The 2010 Olympics are in the history books and the U.S. won a Winter Olympic record 37 medals in Vancouver including finishing first in overall medals for the first time in 78 years. Awesome! Way to go Team USA! And, to my favorite Olympian, Chris Klug, who did some special things in Vancouver as well, hats off to you too!
In what looks to be his final season as a competitive snowboarder and nearly 10 years after he received a life-saving liver transplant and eight years after winning a bronze medal in Salt Lake City, Klug both thrilled us with one more comeback and inspired us with one more positive message.
No, he did not make it back to the medals stand this year. But, like so many times before, Chris overcame the odds to finish seventh in this year’s Men’s Parallel Giant Slalom – higher than anyone expected. That is an incredible accomplishment for any 37-year-old snowboarder competing in their 3rd Olympics. When you add liver transplant recipient to the feat, it becomes even more amazing.
His efforts on the slopes of Vancouver showed that Chris still has the heart of a champion. So did his efforts off the slopes. In the midst of focusing his energy and mind on competing in the Olympics, Chris found time to promote organ donation. He squeezed in a visit to B.C. Transplant, a local Vancouver organ donor organization, to speak about the miracle of donation.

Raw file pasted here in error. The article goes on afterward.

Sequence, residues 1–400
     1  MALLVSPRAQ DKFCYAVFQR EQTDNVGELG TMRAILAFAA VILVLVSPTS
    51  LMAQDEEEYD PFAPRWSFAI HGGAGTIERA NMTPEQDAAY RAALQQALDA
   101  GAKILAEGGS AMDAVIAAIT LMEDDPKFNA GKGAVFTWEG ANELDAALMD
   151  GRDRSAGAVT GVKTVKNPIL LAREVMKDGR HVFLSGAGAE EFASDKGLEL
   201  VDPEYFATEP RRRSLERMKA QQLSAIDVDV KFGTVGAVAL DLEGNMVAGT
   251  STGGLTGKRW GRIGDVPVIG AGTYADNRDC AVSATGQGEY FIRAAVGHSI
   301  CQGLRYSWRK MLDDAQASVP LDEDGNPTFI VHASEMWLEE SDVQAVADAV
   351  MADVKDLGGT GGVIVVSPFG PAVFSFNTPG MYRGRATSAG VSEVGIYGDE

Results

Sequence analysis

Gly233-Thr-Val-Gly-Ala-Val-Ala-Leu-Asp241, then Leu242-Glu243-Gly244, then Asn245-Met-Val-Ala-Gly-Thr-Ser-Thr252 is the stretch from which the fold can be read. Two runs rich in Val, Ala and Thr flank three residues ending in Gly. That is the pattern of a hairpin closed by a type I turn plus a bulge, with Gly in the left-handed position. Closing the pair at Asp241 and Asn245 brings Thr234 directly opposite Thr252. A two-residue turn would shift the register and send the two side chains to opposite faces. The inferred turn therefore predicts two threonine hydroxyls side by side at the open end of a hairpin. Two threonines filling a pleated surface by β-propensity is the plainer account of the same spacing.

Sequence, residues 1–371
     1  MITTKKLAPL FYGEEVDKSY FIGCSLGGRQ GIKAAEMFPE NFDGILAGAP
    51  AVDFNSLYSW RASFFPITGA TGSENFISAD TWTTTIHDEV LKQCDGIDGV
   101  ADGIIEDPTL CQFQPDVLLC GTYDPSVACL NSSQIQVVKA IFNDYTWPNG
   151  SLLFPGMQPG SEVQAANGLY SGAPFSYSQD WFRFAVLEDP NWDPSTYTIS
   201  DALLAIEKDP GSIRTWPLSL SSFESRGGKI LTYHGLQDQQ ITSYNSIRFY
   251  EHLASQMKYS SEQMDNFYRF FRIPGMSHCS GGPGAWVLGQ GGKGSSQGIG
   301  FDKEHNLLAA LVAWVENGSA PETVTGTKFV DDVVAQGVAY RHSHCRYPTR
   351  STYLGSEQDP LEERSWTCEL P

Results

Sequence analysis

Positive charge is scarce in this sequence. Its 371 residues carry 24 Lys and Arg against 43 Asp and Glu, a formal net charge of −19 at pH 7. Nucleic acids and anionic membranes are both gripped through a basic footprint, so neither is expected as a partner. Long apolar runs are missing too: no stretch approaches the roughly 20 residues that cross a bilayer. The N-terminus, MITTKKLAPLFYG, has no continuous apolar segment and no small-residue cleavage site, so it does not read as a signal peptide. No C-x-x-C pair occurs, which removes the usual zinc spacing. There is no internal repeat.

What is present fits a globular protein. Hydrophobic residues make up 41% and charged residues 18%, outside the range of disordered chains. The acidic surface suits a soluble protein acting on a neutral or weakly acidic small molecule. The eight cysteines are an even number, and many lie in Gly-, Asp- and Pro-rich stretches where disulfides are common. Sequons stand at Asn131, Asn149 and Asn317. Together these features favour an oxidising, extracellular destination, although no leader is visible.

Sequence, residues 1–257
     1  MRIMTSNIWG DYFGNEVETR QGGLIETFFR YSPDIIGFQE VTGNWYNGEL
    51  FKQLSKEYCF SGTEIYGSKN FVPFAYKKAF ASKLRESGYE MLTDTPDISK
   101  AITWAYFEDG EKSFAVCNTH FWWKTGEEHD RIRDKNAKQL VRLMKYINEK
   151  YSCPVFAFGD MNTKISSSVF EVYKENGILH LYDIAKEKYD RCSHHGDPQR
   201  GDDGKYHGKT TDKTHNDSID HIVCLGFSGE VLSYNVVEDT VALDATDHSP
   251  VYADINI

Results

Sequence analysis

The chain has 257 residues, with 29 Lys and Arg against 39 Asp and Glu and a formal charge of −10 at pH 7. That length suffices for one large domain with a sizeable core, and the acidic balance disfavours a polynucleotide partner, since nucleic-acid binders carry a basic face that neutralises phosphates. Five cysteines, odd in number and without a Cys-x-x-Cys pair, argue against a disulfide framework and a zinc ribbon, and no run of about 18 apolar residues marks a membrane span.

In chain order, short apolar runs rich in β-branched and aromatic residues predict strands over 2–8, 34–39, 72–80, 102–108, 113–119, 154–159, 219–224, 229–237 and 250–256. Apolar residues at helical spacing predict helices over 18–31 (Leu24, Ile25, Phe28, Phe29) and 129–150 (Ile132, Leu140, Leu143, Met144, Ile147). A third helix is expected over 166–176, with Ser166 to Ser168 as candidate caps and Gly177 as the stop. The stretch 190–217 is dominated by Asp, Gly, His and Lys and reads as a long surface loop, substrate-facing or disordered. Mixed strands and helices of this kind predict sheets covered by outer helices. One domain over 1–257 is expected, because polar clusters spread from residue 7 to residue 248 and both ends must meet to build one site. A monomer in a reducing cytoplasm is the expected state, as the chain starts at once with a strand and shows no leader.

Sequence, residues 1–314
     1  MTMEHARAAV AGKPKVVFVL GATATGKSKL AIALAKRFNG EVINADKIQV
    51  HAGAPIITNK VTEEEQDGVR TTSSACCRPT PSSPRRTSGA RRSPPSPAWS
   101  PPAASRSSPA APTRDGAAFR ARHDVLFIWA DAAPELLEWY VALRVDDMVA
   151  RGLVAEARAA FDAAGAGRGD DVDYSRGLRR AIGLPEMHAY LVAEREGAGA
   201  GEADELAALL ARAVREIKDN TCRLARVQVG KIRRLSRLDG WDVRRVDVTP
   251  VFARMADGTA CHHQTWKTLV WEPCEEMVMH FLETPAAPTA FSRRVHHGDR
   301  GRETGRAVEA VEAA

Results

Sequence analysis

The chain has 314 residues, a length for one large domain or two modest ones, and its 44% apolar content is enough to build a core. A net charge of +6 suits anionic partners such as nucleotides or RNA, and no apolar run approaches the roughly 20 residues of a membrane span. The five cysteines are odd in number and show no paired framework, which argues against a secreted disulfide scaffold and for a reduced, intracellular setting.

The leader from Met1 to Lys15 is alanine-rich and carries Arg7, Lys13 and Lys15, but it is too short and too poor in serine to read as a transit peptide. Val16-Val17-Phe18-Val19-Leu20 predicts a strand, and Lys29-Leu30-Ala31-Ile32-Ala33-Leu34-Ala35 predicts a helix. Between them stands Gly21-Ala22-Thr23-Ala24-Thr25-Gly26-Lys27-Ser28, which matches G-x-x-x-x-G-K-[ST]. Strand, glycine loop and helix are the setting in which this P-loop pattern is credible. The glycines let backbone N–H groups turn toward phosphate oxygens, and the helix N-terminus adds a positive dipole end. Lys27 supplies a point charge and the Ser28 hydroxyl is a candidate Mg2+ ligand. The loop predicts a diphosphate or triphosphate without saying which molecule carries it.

“I’m here today because of it, and the impact one donor can have is so significant,” he said during an interview with a British Columbia news organization, BC local news ( http://tiny.cc/KLUG). “The way I look at it is why not help someone else if I’m not here anymore?”
In a related article in the Houston Chronicle (http://tiny.cc/KLUG801 ) about taking time out to promote donation, Klug said, “I think it’s a really great opportunity for me to really trumpet that cause. (Being here) certainly highlights the heroes organ donors are and hopefully encourages people to consider it, know the facts and share that decision with their family. This is a great opportunity to get that message out there.”
Chris is a champion in every sense of the word. I tip my hat to him for not only his athletic accomplishments as a world-class snowboarder, but also for his personal accomplishments as a world class ambassador for organ donation. He may be retiring from snowboarding, but his voice will continue to educate and inspire.
Finally, like Chris, I acknowledge and thank our true heroes – those generous organ, eye and tissue donors who gave the gift of life to someone in need.
Now it’s your turn. Honor those heroes by spreading the message about how donation saves lives and sharing your decision about donation with your family.
What do you think about Chris Klug and his story? Do you have something to share about organ, eye and tissue donation? Post your comments. We would love to hear from you.